The fermentation efficiency (FE) tended to increase with fermentation time (Figure 1). Though a continuous boost in FE was observed during the fermentation, the level of acetic acid was stable after 21 days because of the nature of the acetic acid-producing bacteria. Joshi et al. (2016) reported that some acetic acid-producing bacterial strains could over-oxidize acetic acid into carbon-di-oxide and water, which could halt the acetic acid production in the WAC during the fermentation. Moruno et al. (1993) reported three main factors that could adversely affect the production of acetic acid during fermentation: (1) the genetics of the yeast strain, (2) the presence of polyphenols, especially catechin and anthocyanins, and (3) the presence of unsaturated fatty acids.

Physicochemical properties

WACV was bright yellowish. During the vinegar-making process, the usual pinkish-yellow WAC wholly turned yellow (Figure 2A). Furthermore, the color changes were consistent during the prolonged storage of WACV (the yellowness increased during storage). On the other hand, the lightness representing luminosity and redness, with negative values representing the darkness, tended to decrease throughout the storage period without many fluctuations in the results. The vinegar samples’ color changes could be caused by maturation, with the degradation of anthocyanin residues in WACV and potential effects from acidification. Mas et al. (2014) reported that polyphenolic compounds are responsible for the color and astringency of vinegar. Tarazona-Diaz and Aguayo (2013) observed the reduced redness in the fruit juice during acidification, which agreed with the present study as the pH of WACV increased during storage (Figure 2C). The density decreased steadily, along with viscosity throughout the storage of WACV (Figure 2B). The vinegar density is linked to acetic acid density directly in case it has been distilled.

Figure 2. Physiochemical qualities of wax apple cider vinegar during the storage period.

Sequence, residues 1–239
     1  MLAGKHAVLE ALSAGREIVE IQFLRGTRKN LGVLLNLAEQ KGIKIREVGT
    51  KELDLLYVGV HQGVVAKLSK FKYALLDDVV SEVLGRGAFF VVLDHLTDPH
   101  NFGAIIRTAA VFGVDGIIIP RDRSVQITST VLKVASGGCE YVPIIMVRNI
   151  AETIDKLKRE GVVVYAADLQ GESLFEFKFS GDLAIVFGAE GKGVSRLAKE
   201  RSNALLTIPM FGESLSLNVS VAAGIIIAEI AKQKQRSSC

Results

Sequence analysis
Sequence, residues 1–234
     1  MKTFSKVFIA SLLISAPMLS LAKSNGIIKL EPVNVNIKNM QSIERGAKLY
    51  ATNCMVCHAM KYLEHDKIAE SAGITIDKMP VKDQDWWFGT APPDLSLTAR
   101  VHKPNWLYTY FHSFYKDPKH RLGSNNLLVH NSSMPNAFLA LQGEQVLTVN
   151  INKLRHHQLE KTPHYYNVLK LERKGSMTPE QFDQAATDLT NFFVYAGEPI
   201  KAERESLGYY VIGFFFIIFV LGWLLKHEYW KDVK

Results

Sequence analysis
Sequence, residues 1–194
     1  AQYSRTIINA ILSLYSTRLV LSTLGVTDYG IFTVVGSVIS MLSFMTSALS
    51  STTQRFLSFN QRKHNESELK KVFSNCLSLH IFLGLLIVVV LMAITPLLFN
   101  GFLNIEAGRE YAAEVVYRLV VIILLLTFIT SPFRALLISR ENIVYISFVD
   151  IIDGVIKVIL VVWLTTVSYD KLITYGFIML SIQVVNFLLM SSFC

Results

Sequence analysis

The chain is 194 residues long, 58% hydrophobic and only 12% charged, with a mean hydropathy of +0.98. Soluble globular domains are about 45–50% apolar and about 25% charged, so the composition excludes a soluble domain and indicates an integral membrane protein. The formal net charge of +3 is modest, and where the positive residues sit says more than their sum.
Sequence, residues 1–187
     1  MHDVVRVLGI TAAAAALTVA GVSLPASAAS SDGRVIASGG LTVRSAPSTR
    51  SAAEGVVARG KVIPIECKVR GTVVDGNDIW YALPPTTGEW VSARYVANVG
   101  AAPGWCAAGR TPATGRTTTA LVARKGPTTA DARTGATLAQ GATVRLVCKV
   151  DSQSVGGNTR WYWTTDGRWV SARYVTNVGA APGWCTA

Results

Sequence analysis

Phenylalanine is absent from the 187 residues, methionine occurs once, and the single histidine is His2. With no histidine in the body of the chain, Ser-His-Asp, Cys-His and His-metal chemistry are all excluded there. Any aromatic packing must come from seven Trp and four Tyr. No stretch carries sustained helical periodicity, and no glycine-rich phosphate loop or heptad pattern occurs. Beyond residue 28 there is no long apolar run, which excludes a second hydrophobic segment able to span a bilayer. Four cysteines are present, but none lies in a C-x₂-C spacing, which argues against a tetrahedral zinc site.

The present study shows that density decreased with storage time, indicating that organic and inorganic substances in WACV could lose their binding potential and sediment at the bottom of the bottle, consequently affecting density and viscosity. The electrical conductivity of WACV (Figure 2C) shows a linear pattern with storage time. During the study period, it increased from 3.58 to 4.11 mS/cm2. At the end of the study, the conductivity of the samples was slightly lowered. The pH of WACV steadily changed to acidic during prolonged storage under ambient temperature (Figure 2C). The pH was acidic from the beginning (3.44) and gradually decreased to 3.22 at the end of storage. A decrease in pH is the direct influence of organic acid’s presence in the samples. In this study, a continuous increase of acid content (total acidity and volatile acidity) in WACV during the storage was observed (Figure 2D), which agreed with the study of Vithlani and Patel (2010). Although there is a significant change in the pH and organic acid level in the WACV, it still stayed in the cider vinegar range recommended by the codex (Ho et al., 2017). The total acidity was slightly higher in WACV than in volatile acidity. The increased acidity and decreased pH in the samples indicate that prolonged storage tended to increase the acidification of WACV. Typically, the volatile acidity represents the odorous fatty acids in vinegar, mainly acetic acid. Chidi et al. (2018) and Jackson (2008) reported that the acetic acid level in vinegar increase during aging. Furthermore, the total nitrogen content in the WACV showed a steady increase during storage (Figure 2D).